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House Passes Bill That Allow Medical Marijuana In District Of Columbia Needle Exchange, Vouchers

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UPDATE: THE bill passed Thursday evening.

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The House began debating a bill Thursday that dances on almost every nerve in the social conservative body politic, touching on everything from abortion to needle exchange, gay and lesbian rights, charter schools and medical marijuana.

"We strongly oppose these changes," declares the Republican committee report. "We do not believe increasing the availability of abortions or medical marijuana will improve the District of Columbia."

The Financial Services and General Government Appropriations Bill includes social policy changes that will apply mostly to the District of Columbia, but will also touch on national programs as well.

The U.S. Constitution gives Congress control of Washington, D.C.'s budget and the body uses that control to dictate social policy within its borders. The Democratic budget being debated on the House floor Thursday would largely return control of social policy decisions to the District of Columbia's elected government.

The bill also wipes out funding for the national anti-drug media campaign. Gone will be the ads showing potheads accidentally running over a little girl at a drive-thru or otherwise warning kids away from drugs. Studies showed that after hundreds of millions of dollars, the ads couldn't show that they led to a decrease in drug use and may have slightly encouraged kids to get high.

"If the best that can be said about the youth media campaign is that there is evidence that it has a `weak' association with anti-drug attitudes, while a comprehensive multi-year evaluation with more extensive data found no evidence of any positive effect at all, consideration must be given to shifting the substantial resources used for the advertising campaign to other uses," reads the majority report. "That is what the Committee recommendation seeks to do."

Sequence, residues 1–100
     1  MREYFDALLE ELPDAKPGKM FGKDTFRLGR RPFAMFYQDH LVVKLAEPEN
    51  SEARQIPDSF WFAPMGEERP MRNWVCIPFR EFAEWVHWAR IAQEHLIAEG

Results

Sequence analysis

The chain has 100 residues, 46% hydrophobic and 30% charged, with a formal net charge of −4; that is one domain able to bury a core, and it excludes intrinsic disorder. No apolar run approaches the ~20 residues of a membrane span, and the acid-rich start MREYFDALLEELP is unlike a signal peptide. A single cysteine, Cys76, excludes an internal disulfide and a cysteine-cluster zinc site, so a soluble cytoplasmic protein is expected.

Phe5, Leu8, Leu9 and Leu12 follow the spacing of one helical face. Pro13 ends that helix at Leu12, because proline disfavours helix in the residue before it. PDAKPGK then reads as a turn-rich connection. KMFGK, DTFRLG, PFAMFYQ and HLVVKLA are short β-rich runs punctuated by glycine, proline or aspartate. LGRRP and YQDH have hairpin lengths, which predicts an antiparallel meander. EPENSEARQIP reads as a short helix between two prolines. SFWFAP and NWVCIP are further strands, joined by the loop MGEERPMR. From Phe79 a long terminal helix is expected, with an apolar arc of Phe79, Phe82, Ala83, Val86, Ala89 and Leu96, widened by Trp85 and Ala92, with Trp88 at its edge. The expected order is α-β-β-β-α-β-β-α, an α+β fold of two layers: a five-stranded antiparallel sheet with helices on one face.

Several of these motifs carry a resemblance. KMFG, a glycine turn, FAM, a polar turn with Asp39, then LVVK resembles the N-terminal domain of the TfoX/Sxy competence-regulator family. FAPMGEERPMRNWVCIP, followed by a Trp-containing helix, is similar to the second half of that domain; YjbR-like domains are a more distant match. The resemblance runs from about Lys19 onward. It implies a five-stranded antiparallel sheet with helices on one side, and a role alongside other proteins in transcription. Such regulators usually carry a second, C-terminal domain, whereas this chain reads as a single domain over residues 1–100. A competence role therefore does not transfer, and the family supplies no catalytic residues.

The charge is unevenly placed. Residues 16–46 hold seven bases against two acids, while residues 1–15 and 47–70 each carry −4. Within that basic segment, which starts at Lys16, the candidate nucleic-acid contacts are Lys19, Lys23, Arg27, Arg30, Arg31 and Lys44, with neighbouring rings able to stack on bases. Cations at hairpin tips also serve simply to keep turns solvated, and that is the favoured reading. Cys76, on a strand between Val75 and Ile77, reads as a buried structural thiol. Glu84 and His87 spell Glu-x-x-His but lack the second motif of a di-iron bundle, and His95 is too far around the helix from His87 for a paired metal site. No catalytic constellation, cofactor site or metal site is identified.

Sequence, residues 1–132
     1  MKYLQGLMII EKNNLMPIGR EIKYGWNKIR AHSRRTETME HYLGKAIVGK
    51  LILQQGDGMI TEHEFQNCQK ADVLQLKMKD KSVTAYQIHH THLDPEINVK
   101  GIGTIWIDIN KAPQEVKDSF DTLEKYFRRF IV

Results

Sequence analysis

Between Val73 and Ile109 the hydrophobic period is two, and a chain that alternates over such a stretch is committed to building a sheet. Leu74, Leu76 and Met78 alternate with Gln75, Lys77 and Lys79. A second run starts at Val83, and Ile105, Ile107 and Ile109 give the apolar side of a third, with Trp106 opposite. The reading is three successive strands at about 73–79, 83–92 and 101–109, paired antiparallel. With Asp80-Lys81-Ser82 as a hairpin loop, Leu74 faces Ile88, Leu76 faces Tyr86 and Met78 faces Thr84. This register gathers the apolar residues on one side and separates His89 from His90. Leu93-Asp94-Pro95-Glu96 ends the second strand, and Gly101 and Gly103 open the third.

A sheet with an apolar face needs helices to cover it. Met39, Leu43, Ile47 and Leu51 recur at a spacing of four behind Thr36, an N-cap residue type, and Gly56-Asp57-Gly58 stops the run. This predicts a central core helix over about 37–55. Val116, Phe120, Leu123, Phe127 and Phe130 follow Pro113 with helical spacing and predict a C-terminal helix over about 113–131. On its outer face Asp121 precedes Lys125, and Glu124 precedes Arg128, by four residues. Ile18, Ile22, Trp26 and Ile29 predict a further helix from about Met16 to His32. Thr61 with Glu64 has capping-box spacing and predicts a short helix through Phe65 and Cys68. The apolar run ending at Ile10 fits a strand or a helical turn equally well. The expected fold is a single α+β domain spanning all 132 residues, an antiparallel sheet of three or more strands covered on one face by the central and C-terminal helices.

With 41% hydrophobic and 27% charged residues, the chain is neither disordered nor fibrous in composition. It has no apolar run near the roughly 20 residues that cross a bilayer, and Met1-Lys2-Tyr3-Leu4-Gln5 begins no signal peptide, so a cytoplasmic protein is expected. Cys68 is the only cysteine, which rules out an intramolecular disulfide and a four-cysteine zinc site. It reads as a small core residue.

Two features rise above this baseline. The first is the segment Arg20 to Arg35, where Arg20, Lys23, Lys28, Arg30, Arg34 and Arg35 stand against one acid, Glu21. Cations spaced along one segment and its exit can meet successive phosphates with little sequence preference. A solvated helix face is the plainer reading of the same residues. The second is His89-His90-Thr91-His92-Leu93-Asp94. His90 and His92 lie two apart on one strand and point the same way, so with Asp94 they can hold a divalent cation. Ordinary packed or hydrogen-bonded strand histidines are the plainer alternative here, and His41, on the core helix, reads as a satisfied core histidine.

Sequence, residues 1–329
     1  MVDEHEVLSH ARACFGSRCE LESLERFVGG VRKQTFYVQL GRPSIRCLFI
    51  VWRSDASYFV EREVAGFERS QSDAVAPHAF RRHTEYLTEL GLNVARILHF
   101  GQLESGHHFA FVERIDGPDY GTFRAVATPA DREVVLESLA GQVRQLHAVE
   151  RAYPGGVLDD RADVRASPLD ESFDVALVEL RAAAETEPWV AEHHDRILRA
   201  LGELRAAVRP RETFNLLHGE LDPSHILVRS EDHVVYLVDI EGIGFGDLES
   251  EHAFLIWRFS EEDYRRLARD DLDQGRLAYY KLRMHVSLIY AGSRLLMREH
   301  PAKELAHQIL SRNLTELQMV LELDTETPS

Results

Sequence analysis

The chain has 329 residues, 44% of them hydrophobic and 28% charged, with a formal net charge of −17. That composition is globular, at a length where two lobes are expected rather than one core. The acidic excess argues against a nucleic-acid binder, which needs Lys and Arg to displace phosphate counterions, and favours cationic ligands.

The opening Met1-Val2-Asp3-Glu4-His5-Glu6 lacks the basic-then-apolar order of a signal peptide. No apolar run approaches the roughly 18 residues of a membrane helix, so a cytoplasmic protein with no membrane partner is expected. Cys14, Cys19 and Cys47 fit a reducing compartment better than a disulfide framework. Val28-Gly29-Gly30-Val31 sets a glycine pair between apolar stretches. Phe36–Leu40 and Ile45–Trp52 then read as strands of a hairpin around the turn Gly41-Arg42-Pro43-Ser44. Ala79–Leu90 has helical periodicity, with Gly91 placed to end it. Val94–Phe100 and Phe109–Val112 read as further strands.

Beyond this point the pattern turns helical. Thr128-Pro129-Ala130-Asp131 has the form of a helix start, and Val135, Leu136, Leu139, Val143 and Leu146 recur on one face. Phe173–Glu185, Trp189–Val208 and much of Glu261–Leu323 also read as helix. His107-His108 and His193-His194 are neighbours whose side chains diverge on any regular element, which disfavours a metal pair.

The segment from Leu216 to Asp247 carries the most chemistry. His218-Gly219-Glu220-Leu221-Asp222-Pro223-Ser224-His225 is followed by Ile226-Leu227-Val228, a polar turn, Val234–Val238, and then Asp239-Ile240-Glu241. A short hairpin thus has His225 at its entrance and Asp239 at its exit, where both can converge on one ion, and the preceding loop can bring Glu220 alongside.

Bashing the media campaign was one of the few areas of bipartisan agreement. The GOP reported that it supported "reducing funding for the media campaign which has produced limited results at best."

The Committee still provides the drug czar's office with $20 million for media efforts -- $50 million less than last year -- but wants only limited advertising directed at parents, not at teens.

Previous federal budgets have allowed Congress to dictate policy in the District of Columbia by preventing the city from using local funds for programs the GOP found objectionable.

On the House floor on Thursday, Rep. Eleanor Holmes Norton, the non-voting delegate from the District, decried the colonial relationship. "It's not your business to deal with the health of my citizens," she said, referring to GOP efforts to block needle exchange programs in the city.

"We are American citizens and we demand to be treated like American citizens," she said. "Why are you having anything to do with the D.C. budget?"

The GOP has been pushing to require the District to continue with a school-voucher program to which the city objects. The bill allows students who are currently enrolled in the program to continue, but cuts off further access, a compromise to which Mayor Adrian Fenty had agreed.

Medical marijuana advocates have a gift in the bill, too. In 1998, the District held a referendum on legalizing medical marijuana but Congress blocked the city from even counting the votes. A court ultimately ruled the votes could be counted regardless and it showed the initiative carried with 69 percent of the vote. Congress still banned the city from implementing it.

If the House bill becomes law, the referendum will be implemented and medical marijuana will become legal in the nation's capital.

The bill also lifts a ban on the use of local funds for domestic partner registration and benefits and allows the city to go forward with recognizing same-sex marriages that take place in other states. The ban on funding for needle exchange is also lifted.

Previous budgets had prevented the city from using its own funds for abortion procedures. That prohibition, too, is lifted.

The GOP took the fight over the various social policy changes to the Rules Committee earlier this week, but amendments addressing them were rejected along mostly party line votes. On the House floor on Thursday, GOP members of Congress declared that it was ironic that they weren't allowed to vote on their amendments on the House floor, considering that Holmes Norton was decrying the state of congressional control of the city as undemocratic.

Holmes Norton was unmoved. "Your lip service to local control, the time for that has run out," she said. "We have profound disagreements on some issues, from abortion to vouchers. Go home and deal with them there. Allow us to deal with these issues in our own way as a local jurisdiction. I appreciate that the Rules Committee has indeed respected our citizenship and I demand that other members of Congress do so as well."

Jeff Muskus contributed reporting

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